About the Author: David-Christopher Harris’ fantasy publications include “Olam Ha-Ba” in speculative fiction and poetry magazine Arsenika, “Last Call” in The Arcanist Magazine, “Falselight” on PageHabit, and “Children of Ozymandias” in 50WordStories, among others. He received his M.A. in Medieval Literature, which he uses exclusively to teach his cat Latin. He is currently querying.
About the Author: Andy Dibble is a healthcare IT consultant who lives in Madison, Wisconsin. He has supported the electronic medical record of healthcare systems in six countries. His work appears or is forthcoming in Writers of the Future, Star*Line, Sci Phi Journal, and others. He is Articles Editor for Speculative North magazine.
About the Author: LT writes mostly speculative fiction shorts and novels while spending her days raising her children and satisfying her never-ending thirst for knowledge through reading, meeting people, and first-hand life experiences. She has short story publications with Dancing Lemur Press, Me First Magazine, Jazz House Press, and forthcoming with Black Hare Press and Cardigan Press. She currently volunteers with WriteHive, a nonprofit literary organization.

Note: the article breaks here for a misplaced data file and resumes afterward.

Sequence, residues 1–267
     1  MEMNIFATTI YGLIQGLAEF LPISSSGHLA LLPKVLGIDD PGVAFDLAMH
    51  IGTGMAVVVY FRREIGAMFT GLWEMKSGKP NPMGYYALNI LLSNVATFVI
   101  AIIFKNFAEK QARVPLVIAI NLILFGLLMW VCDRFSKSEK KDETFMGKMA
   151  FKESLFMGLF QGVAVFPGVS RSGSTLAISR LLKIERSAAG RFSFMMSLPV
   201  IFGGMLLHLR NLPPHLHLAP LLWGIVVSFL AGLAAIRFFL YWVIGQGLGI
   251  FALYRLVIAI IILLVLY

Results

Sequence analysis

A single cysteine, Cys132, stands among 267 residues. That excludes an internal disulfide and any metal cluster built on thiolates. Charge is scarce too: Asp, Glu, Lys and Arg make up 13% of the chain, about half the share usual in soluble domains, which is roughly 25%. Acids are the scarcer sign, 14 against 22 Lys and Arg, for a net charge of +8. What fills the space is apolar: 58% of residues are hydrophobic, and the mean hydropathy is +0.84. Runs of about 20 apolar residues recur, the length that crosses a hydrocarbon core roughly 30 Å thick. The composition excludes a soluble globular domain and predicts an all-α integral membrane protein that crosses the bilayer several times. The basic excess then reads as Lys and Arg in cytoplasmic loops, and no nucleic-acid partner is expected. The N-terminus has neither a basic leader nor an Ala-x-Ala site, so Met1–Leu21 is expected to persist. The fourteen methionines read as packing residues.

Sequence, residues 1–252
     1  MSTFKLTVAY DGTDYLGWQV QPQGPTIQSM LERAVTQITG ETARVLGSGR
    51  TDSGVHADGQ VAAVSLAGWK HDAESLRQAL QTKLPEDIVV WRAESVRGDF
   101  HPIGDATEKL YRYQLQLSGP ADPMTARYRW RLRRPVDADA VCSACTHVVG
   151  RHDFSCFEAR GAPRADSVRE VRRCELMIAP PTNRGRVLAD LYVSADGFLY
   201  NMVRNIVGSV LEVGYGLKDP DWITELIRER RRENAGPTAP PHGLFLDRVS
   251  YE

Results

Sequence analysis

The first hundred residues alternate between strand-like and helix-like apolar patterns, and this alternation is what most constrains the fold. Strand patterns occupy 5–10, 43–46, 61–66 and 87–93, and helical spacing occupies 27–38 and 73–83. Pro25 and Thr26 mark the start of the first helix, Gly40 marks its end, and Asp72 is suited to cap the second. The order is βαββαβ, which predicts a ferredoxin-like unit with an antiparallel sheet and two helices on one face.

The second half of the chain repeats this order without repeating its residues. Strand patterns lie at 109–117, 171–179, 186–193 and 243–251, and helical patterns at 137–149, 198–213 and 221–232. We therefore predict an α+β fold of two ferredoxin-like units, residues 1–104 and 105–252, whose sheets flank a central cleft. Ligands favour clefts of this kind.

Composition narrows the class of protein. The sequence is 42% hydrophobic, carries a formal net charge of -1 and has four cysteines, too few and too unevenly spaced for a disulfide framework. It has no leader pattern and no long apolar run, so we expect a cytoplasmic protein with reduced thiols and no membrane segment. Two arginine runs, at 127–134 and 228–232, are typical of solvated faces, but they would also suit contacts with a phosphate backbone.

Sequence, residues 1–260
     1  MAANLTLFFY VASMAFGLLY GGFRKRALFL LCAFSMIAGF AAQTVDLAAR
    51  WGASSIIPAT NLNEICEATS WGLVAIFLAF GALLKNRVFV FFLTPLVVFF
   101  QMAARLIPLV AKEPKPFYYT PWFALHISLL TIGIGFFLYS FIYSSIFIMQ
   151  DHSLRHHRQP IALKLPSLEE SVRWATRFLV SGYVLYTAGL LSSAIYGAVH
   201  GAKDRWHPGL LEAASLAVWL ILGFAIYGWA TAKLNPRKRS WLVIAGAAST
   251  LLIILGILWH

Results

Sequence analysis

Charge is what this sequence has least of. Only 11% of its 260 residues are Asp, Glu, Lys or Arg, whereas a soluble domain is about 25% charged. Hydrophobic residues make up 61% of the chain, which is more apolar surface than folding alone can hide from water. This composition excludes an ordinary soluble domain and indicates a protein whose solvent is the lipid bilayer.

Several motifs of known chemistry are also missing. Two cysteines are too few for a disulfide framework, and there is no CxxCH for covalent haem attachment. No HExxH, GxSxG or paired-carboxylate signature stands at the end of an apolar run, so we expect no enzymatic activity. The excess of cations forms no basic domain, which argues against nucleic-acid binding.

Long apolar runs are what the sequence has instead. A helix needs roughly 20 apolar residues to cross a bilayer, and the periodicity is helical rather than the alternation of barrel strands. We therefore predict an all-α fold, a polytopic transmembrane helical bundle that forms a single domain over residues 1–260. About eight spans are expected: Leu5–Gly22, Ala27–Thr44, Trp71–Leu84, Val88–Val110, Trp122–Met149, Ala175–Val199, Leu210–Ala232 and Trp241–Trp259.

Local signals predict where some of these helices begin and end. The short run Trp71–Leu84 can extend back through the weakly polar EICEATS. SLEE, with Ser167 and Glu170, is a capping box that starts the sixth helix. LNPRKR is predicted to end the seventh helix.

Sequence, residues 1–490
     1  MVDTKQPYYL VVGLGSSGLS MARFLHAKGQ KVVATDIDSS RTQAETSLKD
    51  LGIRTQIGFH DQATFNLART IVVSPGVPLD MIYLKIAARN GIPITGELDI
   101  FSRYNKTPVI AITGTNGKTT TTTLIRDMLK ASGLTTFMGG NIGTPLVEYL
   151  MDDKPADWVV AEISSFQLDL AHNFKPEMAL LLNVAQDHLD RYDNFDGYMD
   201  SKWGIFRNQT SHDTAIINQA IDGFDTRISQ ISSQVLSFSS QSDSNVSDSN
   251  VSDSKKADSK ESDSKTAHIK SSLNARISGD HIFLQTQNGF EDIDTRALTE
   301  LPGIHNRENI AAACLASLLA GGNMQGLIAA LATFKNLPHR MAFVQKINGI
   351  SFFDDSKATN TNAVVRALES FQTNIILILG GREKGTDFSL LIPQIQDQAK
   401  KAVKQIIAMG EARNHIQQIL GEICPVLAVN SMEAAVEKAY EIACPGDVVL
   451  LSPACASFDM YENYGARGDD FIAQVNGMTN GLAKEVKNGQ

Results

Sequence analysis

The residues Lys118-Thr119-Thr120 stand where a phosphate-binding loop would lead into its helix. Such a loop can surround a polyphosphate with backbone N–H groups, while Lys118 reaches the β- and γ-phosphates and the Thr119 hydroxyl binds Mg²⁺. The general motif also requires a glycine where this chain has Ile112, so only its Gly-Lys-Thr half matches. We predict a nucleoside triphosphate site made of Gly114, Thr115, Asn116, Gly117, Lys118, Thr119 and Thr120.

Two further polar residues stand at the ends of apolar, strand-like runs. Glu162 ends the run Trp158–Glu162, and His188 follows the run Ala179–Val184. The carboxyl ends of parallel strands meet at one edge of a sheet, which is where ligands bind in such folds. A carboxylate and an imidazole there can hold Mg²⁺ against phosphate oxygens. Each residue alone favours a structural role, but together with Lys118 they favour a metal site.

About the Author: Ben is a young author who has been writing stories for over six years now. Recently he has been published in his town’s newspaper.
Maxwell I Gold
About the Author: Maxwell I. Gold is a Rhysling Award nominated prose poet, focusing on weird and cosmic fiction. He is a regular contributor to Spectral Realms, edited by Lovecraft scholar S.T. Joshi and his work has also appeared in Weirdbook Magazine, Space and Time Magazine, Startling Stories, Baffling Magazine, and many others.